And perhaps it is no censurable pride in us that we fondly—and, it may be, somewhat boastfully—repeat the fact, that the spot which is now the site of the city of Salem, in the county of Essex and commonwealth of Massachusetts, was the locality of the very first public free school the world ever saw !
To us, then, who are met within the limits of a State so honorably distinguished in the annals of human improvement; to us, who are the descendants of a New England ancestry and have been nurtured amid New England institutions; standing as we now do between the illustrious dead on the one hand and the rising progeny of such a noble parentage on the other'; charged as we are with the responsible office of ministering with pure hands and devoted hearts to the intellectual growth of a rising multitude, and of perpetuating to others yet to come the blessings we have richly received,—it cannot be uninteresting to pause a few moments, by the way, and inquire what improvements have been introduced, and what advancement we have made in an enterprise so worthy of its founders and so necessary to our very existence as a free and self-governing people. The subject of this lecture, is the “ADVANCEMENT
METHODS OF PUBLIC INSTRUC
IN THE MEANS
It will scarcely be necessary, perhaps, to discuss the question whether there has been any advancement in these matters ;
any one present will furnish sufficient data to settle that point. The question for us to discuss then is, “ How great has been the advancement and in what does it consist ?
No remark is more common than that so frequently made by those who now visit our school-rooms, or in any other way are brought acquainted with the condition of our schools, namely : “ The youth of the present day have great advantages compared with those enjoyed by their parents.” But while we may safely assume that sorne improvement has been attained, we should not be too confident as to the degree of it, until after due examination we are able to lay our hand upon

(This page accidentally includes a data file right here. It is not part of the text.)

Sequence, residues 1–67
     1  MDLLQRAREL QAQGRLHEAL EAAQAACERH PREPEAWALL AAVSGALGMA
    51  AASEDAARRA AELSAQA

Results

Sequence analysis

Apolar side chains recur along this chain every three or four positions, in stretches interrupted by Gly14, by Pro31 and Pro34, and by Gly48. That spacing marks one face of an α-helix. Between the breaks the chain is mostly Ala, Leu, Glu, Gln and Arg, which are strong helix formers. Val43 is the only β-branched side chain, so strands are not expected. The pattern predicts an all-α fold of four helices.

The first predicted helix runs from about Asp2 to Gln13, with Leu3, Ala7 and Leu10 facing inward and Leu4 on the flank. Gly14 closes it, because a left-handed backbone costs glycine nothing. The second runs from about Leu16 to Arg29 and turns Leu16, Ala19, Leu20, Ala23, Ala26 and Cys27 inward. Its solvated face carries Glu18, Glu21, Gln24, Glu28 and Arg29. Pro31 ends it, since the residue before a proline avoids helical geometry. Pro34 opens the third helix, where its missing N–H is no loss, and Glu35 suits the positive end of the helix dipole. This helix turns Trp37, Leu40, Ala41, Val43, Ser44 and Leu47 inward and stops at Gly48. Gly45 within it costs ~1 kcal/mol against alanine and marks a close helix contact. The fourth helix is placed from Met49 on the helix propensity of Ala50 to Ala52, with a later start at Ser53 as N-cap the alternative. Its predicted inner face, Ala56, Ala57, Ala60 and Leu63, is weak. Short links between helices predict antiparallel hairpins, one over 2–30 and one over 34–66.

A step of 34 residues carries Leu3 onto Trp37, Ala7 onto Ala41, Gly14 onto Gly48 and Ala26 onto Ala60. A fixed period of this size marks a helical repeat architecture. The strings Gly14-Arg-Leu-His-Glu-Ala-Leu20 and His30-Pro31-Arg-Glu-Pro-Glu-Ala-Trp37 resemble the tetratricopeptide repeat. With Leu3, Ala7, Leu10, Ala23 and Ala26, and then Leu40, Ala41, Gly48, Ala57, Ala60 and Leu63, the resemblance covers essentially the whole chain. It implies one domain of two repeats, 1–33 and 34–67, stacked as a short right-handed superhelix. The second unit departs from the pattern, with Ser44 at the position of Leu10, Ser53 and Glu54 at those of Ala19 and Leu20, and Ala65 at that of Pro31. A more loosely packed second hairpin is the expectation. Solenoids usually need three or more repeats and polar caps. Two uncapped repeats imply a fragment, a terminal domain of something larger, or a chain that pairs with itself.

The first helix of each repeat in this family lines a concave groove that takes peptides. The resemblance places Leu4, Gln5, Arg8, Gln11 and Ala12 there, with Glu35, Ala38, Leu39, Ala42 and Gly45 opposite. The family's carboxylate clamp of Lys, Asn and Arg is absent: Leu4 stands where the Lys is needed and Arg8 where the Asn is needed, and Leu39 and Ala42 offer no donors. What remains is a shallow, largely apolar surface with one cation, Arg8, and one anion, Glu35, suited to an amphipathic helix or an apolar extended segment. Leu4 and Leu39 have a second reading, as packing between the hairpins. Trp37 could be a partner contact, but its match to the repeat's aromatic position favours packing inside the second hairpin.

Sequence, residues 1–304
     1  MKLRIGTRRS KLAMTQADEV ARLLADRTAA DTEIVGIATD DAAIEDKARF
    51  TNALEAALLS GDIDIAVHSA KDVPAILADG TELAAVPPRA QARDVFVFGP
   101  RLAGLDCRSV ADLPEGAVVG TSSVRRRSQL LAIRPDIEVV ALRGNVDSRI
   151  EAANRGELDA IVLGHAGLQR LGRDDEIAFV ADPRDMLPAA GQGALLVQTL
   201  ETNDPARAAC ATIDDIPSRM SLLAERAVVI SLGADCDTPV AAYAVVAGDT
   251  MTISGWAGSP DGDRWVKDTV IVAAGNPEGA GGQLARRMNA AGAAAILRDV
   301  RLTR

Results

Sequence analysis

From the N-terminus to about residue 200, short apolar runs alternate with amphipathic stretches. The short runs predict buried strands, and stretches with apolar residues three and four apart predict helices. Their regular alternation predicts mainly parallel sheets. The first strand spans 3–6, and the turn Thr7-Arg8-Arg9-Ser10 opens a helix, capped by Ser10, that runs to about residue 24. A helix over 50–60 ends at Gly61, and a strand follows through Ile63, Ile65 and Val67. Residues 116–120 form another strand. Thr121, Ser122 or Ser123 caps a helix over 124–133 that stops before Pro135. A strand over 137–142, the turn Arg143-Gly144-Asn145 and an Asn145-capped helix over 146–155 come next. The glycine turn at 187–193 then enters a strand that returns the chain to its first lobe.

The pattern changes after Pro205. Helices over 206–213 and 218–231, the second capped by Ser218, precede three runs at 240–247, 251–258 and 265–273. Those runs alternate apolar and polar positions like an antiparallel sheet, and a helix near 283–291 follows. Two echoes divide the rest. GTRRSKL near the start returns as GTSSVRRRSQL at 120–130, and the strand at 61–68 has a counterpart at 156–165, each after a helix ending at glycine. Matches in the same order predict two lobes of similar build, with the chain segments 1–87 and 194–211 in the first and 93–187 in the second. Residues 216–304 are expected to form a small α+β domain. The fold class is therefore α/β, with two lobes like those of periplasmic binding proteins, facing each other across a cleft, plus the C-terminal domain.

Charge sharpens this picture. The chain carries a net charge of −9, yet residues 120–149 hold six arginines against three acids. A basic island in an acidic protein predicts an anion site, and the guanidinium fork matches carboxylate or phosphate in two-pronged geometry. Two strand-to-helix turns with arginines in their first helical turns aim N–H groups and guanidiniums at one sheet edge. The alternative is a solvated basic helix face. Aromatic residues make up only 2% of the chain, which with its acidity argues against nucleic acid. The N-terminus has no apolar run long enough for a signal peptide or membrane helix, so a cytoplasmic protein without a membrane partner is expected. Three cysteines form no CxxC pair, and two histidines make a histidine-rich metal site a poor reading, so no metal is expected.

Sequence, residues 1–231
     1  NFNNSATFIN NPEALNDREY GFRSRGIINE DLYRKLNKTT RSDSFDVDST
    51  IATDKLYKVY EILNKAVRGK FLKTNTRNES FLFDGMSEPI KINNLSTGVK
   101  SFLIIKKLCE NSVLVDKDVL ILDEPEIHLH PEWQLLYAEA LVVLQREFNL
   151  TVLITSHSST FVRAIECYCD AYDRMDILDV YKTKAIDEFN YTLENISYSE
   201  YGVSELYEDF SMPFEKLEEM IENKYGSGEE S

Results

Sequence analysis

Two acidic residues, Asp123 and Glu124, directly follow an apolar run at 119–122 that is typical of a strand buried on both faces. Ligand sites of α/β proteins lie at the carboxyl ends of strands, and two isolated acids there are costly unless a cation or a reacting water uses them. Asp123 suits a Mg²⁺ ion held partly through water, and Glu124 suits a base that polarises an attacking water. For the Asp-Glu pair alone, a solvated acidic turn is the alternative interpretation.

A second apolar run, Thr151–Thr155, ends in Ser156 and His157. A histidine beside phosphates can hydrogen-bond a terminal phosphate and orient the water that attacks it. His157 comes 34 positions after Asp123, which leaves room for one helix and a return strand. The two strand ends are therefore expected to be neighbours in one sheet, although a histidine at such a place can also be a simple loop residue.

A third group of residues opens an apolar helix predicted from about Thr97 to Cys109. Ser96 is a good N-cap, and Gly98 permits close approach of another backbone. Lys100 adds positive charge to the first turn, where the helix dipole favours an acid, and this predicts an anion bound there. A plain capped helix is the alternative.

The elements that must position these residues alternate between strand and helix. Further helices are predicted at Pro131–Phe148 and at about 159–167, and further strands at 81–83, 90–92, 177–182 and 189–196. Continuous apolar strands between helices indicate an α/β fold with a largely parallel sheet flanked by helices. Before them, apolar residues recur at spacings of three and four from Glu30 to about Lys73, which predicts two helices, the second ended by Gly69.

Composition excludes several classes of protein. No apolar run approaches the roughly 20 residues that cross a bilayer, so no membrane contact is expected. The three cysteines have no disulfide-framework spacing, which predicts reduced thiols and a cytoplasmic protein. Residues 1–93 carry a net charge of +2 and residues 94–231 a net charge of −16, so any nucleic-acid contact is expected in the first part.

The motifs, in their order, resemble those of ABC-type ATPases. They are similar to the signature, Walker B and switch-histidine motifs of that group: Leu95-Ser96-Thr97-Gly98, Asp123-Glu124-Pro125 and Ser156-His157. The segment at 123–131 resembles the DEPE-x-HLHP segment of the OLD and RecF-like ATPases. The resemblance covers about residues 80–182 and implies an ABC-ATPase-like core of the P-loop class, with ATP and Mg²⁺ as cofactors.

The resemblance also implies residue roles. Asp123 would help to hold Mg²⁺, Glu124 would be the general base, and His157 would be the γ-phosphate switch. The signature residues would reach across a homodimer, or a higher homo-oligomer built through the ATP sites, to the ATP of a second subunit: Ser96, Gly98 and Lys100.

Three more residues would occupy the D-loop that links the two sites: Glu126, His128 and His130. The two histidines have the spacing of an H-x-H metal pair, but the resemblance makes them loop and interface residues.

the items of our educational thrift. We live in an age, it must not be forgotten, of experimenting ; an age which avoids too much, perhaps, the slow process of patient induction, but which impetuously rushes forward to its conclusions by overleaping the premises ; an age in which the clamorous pretender is nearly as likely to be greeted and caressed, as the more worthy, but more rare commodity-genuine worth ; an age in which a high-sounding name often like the title of the book which Dr. Johnson compared to a “cannon placed at the door of a pigsty”—announces to the world but very insignificant realities; an age in some things over-credulous, and hence very frequently imposed upon ; and if the age have all these characteristics, it will involve no hazard to allege that such an age may be an age of “humbugs.” I would not be severe upon the profession of my choice. I would be candid. But when we find ourselves surrounded by impositions ; when our politics have become a profession, under the robes of which patriots suck out the life-blood of the republic to aggrandize their party, and withal to aggrandize themselves; when our public financiers and fund-keepers depart from their post and their country, because their funds and their integrity had first departed from them ; when our mercantile enterprise is often but speculation without a capital, and bankruptcy is a surer road to wealth than a continuance in a safe and honest business ; when the poor debtor can frequently afford to maintain a more splendid style of living and a costlier equipage than his “rich” creditor ; when our systems of reform have some of them come to need themselves a reform ; when the advocates of peace and moderation " get by the ears ” among themselves, and quarrel and call hard names about the measures to be used in their warfare ; when the apostles of “free discussion," and “liberty of speech,” and “ rights of conscience," sometimes endeavor to hiss down an opponent, or perhaps essay to enter and forestall the forum or the pulpit dedicated to another cause and appropriated to other voices; when even our holy religion is sometimes distorted by false lights and “new lights” and extravagances, which, while they humble and grieve the believer, invite the derision and the scoff of the infidel,-I say, when all these things abound, and a thousand others quite as incongruous and quite as wild, who can wonder that the cause of education should contract the general disease, and bring forth among its precious fruits some of the excrescences and corruptions so common to the times? We might fairly anticipate such results, and accordingly we find them. We have our literary reformers, our